Not only can kinetic facades reduce heat gain, they can also allow fresh air into the building. This can be seen at the CH2 in Melbourne by DesignInc. The recycled timber slats on the west elevation pivot open to block the afternoon sun and stay open at night to cool the interiors with 100% fresh air.  As with most of these projects, CH2’s kinetic facade is just one part of a larger sustainable strategy, which includes rainwater harvesting, wind turbines, solar heated water, and photovoltaics. 

Council House 2 – Melbourne_ Australia. Detail of west façade-shown open © Russell Fortmeyer. Image Courtesy of Images Publishing

CH2 Melbourne City Council House 2- DesignInc-Photo by_Diane Snape2

CH2 Melbourne City Council House 2- DesignInc-Photo by_Diane Snape3

If you think that all of the kinetic facades that we have looked at so far are mere superficial devices attached to curtain walls, then you might be impressed with the Sharifi-ha House in Tehran by Next Office. Whole rooms move from the exterior to the interior in one swivel on motorised turntables, just like a set at a theatre. Typically, traditional Iranian houses have two living rooms: one for the summer and one for the winter. The house consists of three protruding spaces, or pods, that can be rotated outwards for the summer, and back for the winter.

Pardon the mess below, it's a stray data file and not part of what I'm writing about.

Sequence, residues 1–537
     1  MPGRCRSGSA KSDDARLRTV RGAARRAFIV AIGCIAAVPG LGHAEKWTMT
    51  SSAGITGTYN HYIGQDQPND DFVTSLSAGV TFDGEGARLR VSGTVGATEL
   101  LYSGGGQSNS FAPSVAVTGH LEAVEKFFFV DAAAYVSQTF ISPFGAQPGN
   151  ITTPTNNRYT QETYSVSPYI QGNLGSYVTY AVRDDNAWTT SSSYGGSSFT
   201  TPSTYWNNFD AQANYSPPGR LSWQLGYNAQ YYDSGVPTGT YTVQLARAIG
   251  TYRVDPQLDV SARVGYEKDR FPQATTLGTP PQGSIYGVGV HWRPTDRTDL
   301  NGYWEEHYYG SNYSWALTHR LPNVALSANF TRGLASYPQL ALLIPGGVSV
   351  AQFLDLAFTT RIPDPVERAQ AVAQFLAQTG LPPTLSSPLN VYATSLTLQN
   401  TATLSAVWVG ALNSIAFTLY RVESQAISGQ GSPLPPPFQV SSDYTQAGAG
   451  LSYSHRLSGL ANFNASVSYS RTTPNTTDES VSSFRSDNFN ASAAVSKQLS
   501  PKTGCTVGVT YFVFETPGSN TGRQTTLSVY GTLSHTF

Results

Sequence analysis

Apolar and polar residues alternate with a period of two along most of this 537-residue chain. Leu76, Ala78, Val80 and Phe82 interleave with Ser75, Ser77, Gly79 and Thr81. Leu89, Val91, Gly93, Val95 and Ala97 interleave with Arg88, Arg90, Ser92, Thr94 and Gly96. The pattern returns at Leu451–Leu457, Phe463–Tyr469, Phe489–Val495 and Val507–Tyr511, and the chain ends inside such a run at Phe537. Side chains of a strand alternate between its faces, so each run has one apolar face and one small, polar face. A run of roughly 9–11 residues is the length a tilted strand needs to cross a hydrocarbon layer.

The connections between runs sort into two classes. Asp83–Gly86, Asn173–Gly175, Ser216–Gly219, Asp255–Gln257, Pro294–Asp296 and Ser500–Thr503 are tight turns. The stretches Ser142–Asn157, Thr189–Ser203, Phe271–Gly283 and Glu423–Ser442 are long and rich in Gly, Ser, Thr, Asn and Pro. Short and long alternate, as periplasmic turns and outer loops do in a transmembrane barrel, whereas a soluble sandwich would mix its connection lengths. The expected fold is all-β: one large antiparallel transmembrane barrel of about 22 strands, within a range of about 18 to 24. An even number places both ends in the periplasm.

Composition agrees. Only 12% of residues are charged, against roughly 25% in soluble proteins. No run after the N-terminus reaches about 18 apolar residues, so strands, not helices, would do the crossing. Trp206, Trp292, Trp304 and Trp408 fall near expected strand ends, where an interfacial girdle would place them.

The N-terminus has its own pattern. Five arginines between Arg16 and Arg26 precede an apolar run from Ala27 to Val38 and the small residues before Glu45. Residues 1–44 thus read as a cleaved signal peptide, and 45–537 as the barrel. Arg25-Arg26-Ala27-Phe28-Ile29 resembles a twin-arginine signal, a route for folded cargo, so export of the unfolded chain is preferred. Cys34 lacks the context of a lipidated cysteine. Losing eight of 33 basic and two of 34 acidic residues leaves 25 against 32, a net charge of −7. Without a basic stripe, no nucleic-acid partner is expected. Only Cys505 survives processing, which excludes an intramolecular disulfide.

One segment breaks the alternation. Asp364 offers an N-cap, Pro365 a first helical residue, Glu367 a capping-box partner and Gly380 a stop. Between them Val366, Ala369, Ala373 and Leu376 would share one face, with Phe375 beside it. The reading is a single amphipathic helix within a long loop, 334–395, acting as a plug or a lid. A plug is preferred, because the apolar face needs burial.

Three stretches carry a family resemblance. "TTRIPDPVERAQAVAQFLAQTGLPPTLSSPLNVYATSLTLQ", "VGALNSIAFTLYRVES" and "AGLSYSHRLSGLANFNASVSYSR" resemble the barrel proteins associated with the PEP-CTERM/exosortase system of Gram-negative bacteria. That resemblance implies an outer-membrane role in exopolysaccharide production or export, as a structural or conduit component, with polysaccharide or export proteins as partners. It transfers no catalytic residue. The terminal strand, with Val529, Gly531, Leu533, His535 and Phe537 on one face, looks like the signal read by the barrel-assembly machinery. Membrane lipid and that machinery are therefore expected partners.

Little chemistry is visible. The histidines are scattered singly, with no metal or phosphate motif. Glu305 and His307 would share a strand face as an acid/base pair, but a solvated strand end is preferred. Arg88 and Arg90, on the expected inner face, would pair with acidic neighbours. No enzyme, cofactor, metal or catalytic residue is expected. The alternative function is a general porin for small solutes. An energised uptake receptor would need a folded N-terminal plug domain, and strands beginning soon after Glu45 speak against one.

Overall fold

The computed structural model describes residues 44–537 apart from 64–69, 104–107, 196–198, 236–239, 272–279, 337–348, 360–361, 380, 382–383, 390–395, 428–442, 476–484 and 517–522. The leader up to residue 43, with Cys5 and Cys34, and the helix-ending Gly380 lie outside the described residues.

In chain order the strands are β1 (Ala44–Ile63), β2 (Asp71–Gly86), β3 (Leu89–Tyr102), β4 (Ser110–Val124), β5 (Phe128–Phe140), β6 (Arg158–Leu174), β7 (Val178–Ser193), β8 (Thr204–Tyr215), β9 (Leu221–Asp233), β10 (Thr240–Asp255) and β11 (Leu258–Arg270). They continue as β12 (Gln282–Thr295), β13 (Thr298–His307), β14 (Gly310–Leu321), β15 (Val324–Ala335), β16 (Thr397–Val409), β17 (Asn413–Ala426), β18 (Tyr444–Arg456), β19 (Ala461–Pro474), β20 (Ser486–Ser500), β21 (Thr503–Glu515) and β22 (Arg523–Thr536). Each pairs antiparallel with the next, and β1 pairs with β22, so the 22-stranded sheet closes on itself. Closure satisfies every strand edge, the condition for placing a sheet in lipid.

The residents dictate the configuration that they want. On the first floor, is the breakfast room; the guest room is on the second floor; and a home office is on the third floor. Each pod has two doors. One to access the terrace when rotated outwards, and one to access the interior when rotated inwards 

What all of these kinetic, dynamic and responsive facades have in common is the regulation of energy as part of overarching sustainable strategies. A moving facade becomes another device to alter the interior environment of a building and make occupants feel more comfortable.  The technology exists for building facades to move, giving all of these projects a theatrical quality that one might find emotive. However, beyond the mere choreography, what really matters is what’s happening inside, to surfaces, spaces and people.

Words: Phil Roberts


2 Responses to “Why Kinetic Architecture Is More Than A Spectacle”

  1. Glenn E Hill says:

    Do you have a video, powerpoint or slide presentation I could show my class about kinetic shading facades.
    Thanks,
    Glenn

    • Phil Roberts says:

      Thanks for your comment Glenn E Hill.

      I think the videos in this article are quite good, especially the Kiefer Technic Showroom’s Dynamic Facade.